Wednesday, January 24, 2007

The Volunteer Military is a Pro-Family Military

I have been reading Betty Alt's Following the Flag: Marriage and the Modern Military this week. She makes a point that I could have figured out, but never thought of: the volunteer military has to support families, or the soldiers and sailors and airmen will leave.

There have always been wives, even children, following soldiers from post to post. They were, at best, tolerated, but never welcomed, especially for enlisted men. What changed the military's attitude toward families was the advent of the All Volunteer Force in 1973. For most of the history of the American military, the force was very small. Only officers would marry, and then only with permission. There weren't that many families to accommodate, and, except for a few lifers, they needn't be accommodated for long. Even in major wars – the Civil War, WWI and WWII – many men were drafted, but whatever accommodations were made to families, and especially by families, were temporary. The massive build-up was followed by a massive demobilization.

When we ended the draft after the Vietnam War, though, we had a superpower's need for a large, permanent armed force all around the world. The military had to make a fundamental change in the way it viewed families. In order to recruit and keep good volunteers, their families needed to be more than tolerated. Permanent base housing was built, a school system was created, medical benefits for families were increased. In time, with more female soldiers (now about 13% of the armed services), these benefits were extended to that new species, the military husband. Childcare services were created for working moms who were married to soldiers, or were soldiers themselves.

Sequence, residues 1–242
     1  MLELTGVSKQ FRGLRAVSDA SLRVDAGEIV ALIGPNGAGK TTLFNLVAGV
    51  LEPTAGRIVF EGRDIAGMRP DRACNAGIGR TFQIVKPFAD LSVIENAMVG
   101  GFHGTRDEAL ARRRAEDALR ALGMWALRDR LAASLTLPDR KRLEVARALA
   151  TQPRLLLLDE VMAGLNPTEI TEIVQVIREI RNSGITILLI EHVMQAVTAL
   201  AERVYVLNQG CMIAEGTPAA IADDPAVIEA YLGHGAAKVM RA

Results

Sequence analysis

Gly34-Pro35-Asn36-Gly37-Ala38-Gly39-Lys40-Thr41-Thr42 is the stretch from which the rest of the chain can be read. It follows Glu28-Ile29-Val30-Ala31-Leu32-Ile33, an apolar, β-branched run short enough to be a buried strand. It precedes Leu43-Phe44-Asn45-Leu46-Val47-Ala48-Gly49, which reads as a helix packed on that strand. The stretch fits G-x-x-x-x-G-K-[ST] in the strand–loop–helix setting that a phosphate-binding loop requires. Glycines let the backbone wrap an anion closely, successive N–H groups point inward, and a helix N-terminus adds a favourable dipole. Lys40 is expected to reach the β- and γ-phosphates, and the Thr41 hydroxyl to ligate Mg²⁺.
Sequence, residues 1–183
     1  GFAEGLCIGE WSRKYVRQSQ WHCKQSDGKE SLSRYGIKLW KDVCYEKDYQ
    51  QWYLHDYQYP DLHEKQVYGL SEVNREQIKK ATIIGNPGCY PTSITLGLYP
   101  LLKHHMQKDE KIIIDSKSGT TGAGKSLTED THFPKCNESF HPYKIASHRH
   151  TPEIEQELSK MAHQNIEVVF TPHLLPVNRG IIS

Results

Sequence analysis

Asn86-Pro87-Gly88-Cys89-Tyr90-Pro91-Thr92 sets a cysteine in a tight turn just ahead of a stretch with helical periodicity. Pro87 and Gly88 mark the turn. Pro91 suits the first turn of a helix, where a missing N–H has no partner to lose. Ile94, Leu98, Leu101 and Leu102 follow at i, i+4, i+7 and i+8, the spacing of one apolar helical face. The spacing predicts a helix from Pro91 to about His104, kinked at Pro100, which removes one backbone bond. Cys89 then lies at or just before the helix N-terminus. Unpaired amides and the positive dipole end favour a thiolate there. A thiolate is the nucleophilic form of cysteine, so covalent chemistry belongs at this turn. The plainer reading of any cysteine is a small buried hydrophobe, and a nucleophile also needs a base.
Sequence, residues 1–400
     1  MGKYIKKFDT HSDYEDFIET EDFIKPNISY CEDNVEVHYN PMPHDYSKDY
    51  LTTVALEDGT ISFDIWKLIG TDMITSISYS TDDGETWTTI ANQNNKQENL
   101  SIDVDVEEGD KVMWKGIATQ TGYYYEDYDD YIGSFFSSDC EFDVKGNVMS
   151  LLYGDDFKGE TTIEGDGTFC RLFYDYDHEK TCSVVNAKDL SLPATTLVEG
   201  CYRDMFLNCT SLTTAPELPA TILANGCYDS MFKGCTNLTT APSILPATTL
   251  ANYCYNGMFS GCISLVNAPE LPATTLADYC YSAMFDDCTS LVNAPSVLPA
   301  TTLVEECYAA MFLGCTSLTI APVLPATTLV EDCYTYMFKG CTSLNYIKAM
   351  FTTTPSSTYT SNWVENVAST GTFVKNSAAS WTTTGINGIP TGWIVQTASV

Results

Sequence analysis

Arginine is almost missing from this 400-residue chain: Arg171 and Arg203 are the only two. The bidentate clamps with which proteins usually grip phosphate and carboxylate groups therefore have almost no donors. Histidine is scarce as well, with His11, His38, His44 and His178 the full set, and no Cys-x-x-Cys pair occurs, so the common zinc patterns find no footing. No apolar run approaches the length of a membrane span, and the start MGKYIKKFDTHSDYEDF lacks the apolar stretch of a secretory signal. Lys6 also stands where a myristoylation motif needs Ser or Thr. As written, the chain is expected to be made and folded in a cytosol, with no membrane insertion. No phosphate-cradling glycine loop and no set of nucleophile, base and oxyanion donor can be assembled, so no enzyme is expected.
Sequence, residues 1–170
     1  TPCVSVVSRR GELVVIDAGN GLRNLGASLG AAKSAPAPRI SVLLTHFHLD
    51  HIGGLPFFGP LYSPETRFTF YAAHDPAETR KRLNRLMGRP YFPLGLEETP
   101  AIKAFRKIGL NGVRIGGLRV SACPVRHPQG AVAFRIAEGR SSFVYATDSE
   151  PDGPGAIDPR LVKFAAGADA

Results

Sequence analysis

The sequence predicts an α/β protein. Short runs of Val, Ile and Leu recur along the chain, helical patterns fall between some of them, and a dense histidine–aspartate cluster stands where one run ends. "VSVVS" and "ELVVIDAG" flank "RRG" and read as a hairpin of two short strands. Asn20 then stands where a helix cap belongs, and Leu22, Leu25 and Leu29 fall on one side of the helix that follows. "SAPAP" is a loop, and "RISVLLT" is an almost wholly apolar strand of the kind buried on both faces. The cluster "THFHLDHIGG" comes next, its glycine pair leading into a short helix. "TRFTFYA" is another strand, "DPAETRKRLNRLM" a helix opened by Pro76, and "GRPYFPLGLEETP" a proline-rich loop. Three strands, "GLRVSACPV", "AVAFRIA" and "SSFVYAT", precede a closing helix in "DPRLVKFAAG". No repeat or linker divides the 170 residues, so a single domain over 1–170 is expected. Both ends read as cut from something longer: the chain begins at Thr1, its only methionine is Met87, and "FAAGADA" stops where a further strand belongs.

The military has been clumsy in adapting to families. And it is in the nature of war that families are separated, and mothers and fathers get wounded or killed. I, for one, think that mothers of small children should not be soldiers, though I would stop just short of making this a law. Still, the armed services have done a remarkable job in only one generation in changing their long custom and adapting to military families. There is more that could be done, of course, but in this area, as in many others, the military actually leads the way in practically accommodating new social formations.

1 comment:

Anonymous said...

I had not heard of that book; thank you for the reference.

I suspect that the extended use of the National Guard will amplify this effect. Not expecting long-term military service, more of them seem to be married.

The combination of families and a volunteer force may also benefit returning soldiers. The reports of dire shortages of counseling services, inadequate health care payments, and low veterans budgets are not surprising. But the families of these vets are becoming more vocal, and may become excellent advocates.

My generation includes the Vietnam vets who did not get much help; it is my prayer that the Iraq vets receive better. With the military's ear turned towards their families, maybe it will happen.